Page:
Kearsarge Middle School drone team headed to West Virginia competition

Keararge Regional Middle School student Oliver Pirone flies a drone through the course at a recent practice.

Keararge Regional Middle School student Oliver Pirone flies a drone through the course at a recent practice. JEREMY MARGOLIS—Monitor staff


Monitor staff

Published: 04-16-2024 11:11 AM

For 60 seconds, a persistent buzz pervaded the Kearsarge Regional Middle School library on a recent Thursday afternoon as sixth grader Oliver Pirone piloted a drone through a green hoop, below a blue arch, and through two blue and black cubes, before landing it on a red and black bullseye as time expired.

The nearly perfect run earned Oliver 410 points, five points off his personal best.

“I just need to replicate that in the tournament,” he said.

That tournament – the Northeast Aerial Drone Championship in West Virginia on May 17 and 18 – will cap off a wildly successful first year for the Kearsarge Regional Middle School drone team. Next month, 12 students, two teachers, and a parent chaperone will travel by bus down for the competition following the qualification earlier this year of three four-student teams.

Funded through a $12,000 grant secured by digital learning specialist Laurie Prewandowski, the team started last October and has garnered more and more interest as the year has progressed. 

Drone flying teams have taken U.S. middle and high schools by storm in recent years. The competitions require skills in engineering, coding, data analysis, decision making, communication and teamwork.

In the REC Foundation-funded competitions that the Kearsarge team competes at, there are four components: a piloting skills mission, in which students accrue points through accomplishing various maneuvers; an autonomous flight mission, in which pilots program their drone before it is flown; a team challenge, in which two teams join forces to fly a course simultaneously; and a communications mission, in which judges interview team members and review a season-long journal they are required to keep.

Oliver’s favorite component is the piloting skills mission.

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He “flies so hard and so fast,” Prewandowski said.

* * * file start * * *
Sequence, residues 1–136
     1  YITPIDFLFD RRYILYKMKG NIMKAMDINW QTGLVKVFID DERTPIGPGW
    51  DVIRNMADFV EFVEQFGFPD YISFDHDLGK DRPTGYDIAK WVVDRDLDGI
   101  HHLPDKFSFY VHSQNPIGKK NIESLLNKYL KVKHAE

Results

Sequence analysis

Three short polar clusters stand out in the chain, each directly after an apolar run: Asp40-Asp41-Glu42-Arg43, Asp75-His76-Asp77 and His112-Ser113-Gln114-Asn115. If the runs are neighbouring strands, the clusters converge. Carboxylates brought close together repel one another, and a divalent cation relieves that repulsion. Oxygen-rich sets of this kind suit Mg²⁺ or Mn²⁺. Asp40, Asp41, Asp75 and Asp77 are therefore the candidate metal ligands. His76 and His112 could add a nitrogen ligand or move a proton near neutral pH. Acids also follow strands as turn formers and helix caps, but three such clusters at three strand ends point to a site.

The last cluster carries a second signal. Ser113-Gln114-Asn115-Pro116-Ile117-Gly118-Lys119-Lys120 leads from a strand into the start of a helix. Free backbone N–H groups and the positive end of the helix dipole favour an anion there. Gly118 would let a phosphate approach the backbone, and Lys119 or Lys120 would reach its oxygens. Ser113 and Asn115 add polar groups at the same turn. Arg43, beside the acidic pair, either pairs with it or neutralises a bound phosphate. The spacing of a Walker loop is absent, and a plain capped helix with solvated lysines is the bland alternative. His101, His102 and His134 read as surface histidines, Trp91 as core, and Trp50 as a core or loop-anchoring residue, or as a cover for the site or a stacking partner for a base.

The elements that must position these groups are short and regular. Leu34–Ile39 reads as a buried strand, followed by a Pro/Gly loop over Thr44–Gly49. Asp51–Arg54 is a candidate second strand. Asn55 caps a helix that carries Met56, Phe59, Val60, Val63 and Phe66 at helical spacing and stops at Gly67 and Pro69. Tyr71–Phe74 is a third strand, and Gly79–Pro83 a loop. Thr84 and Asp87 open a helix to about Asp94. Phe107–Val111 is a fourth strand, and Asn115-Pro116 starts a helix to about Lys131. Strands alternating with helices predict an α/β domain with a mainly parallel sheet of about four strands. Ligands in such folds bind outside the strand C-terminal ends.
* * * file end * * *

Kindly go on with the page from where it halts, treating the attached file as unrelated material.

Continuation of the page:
Last Thursday, his Flying Ninja Nuggets teammate, sixth grader Hayden Bleier, focused instead on the autonomous flight mission, which requires programmers to code the flight path of their drone through the computer program Blocky for Robolink.

In his first attempt, Hayden’s drone careened into a hoop. Rather than changing the code immediately, he elected to check the battery first. 

“When the battery gets below 90%, it starts to act weird,” Hayden said. “In these situations, you wouldn’t change code.”

Sure enough, with a fully charged battery installed, the drone made it through the hoop unscathed. Still, Hayden tinkered with the code, which numbered dozens of lines, attempting to program a smoother flight.

Meanwhile, eighth grader Emily Detris, a member of the Flying Top Hats team, worked on her journal, which will also be scored in competition. Teams are required to track data from practices and explain the decisions they make. At competitions earlier in the year, the team won awards in this category.

Outside of practice, the team is working to raise $2,000 more for its West Virginia trip, which will cost $18,000, Prewandowski said.

The team members heading to West Virginia are Ryan Geraghty, Jake Desjardins, Gabe Wakeman, and Owen Houle of the Delta Flyers team; Oliver Pirone, Grayson Rettig, Will Martin and Hayden Bleier of the Flying Ninja Nuggets team; and Lily-Ann LePenven, Jade LeBoeuf, Emily Detris and Amelia Clark of the Flying Top Hats team.